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Exertional Angina Symptoms

author image Jacques Courseault
As a physical medicine and rehabilitation physician I have extensive experience in musculoskeletal/neurological medicine that will benefit the network.

Exertional angina, or stable angina, is a type of chest pain caused by the blockage of blood flow through a coronary artery, or blood vessel around the heart. According to Medline Plus, exertional angina occurs with activity or stress. Chest pain usually begins slowly but may worsen over the next few minutes before resolving. Rest and medications are used to relieve exertional angina.

Chest Pain

Chest pain is the most common symptom associated with exertional angina, states MayoClinic.com. It occurs because the body needs additional oxygen and nutrients with additional activity. The heart pumps oxygen-rich blood to the parts of the body that need it to perform exertional activities. A patient with coronary artery disease has fatty deposits in the coronary arteries that prevent blood flow to the heart muscle, which needs it to effectively pump blood. This blockage can result in chest pain. A patient with a history of angina should take a break from physical activity and use prescribed anti-anginal medications if his doctor recommends. If chest pain is new or worse than in previous episodes, he should seek immediate medical treatment.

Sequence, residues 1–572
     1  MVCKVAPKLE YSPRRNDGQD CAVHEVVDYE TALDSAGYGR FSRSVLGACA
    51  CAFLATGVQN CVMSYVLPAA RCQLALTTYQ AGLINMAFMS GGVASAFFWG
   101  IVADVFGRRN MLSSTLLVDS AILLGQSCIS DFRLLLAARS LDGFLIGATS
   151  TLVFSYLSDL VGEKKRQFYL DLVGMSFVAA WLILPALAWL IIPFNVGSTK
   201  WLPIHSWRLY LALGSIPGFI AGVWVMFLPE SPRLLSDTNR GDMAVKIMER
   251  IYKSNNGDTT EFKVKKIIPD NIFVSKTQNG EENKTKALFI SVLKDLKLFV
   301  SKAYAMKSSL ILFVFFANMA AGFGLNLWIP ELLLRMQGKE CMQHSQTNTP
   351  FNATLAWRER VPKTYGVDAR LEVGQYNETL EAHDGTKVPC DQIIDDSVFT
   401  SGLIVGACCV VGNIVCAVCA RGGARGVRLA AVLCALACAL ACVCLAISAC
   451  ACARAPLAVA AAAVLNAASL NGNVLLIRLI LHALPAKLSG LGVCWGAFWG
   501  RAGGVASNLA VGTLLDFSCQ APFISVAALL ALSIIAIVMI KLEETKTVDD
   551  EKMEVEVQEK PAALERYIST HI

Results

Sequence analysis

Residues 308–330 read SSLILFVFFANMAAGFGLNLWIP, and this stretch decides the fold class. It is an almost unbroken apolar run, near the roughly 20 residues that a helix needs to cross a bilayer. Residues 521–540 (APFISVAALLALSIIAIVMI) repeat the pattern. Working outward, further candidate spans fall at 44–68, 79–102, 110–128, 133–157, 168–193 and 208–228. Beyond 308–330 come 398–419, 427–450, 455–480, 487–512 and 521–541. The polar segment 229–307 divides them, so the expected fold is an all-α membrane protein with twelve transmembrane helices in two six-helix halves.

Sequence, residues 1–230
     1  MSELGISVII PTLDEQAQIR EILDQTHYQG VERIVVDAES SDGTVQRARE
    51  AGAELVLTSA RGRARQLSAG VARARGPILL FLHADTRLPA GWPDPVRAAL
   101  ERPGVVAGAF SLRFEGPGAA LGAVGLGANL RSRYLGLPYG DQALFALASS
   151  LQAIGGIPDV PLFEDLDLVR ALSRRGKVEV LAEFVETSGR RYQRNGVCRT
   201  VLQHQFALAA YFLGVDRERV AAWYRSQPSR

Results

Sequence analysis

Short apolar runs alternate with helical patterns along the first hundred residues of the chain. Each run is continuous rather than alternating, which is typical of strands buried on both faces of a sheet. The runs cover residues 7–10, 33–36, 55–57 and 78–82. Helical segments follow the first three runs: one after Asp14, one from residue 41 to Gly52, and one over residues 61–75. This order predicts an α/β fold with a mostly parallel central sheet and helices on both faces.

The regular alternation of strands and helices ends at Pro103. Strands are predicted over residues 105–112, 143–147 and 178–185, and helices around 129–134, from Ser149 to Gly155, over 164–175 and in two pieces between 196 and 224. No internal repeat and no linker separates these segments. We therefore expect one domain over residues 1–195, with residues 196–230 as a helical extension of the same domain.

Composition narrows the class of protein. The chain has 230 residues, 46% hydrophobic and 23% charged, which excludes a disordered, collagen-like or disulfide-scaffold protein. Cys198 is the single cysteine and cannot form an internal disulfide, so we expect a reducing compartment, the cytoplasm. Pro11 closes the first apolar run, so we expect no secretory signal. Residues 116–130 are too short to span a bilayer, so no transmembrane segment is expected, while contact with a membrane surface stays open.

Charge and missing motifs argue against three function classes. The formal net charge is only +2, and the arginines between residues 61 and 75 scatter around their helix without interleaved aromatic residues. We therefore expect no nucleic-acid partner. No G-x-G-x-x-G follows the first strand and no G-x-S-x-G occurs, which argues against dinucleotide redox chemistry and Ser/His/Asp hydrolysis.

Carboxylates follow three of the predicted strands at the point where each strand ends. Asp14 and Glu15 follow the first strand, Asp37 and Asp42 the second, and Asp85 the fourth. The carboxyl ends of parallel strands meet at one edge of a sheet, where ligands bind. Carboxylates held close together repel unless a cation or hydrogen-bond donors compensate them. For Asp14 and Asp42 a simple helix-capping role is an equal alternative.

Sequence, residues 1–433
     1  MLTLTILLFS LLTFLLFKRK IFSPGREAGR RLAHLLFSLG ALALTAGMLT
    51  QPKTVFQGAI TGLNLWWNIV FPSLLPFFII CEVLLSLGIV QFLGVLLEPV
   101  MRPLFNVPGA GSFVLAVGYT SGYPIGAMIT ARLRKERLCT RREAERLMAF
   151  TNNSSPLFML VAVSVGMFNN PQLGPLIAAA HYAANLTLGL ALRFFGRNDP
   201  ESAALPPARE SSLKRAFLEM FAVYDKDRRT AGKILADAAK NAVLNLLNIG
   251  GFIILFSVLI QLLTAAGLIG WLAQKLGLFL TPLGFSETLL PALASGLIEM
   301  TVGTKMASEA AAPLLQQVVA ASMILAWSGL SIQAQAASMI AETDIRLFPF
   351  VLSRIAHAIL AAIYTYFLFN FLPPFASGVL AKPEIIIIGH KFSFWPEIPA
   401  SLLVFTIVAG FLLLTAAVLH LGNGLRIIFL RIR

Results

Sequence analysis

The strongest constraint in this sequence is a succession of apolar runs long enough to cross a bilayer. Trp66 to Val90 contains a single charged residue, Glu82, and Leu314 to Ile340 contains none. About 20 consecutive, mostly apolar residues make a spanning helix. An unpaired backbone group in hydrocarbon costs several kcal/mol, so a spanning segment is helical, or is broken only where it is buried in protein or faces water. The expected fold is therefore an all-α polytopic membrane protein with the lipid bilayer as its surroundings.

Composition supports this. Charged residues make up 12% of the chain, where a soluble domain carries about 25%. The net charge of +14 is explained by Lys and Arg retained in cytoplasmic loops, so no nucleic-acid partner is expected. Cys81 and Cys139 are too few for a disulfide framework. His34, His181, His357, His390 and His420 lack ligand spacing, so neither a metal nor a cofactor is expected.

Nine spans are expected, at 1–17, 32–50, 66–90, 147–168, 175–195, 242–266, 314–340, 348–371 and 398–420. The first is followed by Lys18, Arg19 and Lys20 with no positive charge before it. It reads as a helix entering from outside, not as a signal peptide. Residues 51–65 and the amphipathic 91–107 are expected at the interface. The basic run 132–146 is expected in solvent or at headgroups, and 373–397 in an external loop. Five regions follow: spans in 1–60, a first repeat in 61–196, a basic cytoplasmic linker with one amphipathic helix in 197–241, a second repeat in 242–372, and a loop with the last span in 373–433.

Radiating Pain

Pain can occur in other parts of the body. According to MayoClinic.com, pain can travel to the arms, neck, jaw, shoulder or back. This occurs because the nerves that sense chest pain also sense pain in other parts of the upper body. Although the arms, neck, shoulder and jaw are not experiencing pain, the brain senses pain signals from these areas because pain signals come from the same nerve. Thus, the brain incorrectly senses pain from other parts of the body during exertional angina. In this case, a patient should seek medical attention if the pain is new or different, or she should rest and take doctor-prescribed medications.

Shortness of Breath

A patient with exertional angina may also experience shortness of breath, states MayoClinic.com. This occurs because the heart also pumps blood to the lungs to be oxygenated. When the heart tissue is not receiving blood because of a blocked artery, it cannot effectively pump blood to the lungs. The lack of blood circulation to the lungs results in shortness of breath. In this case, a patient should seek immediate medical attention if shortness of breath is severe or if it is a new symptoms associated with exertional activity. A patient should never hesitate to seek medical attention if he is concerned that he is having a heart attack.

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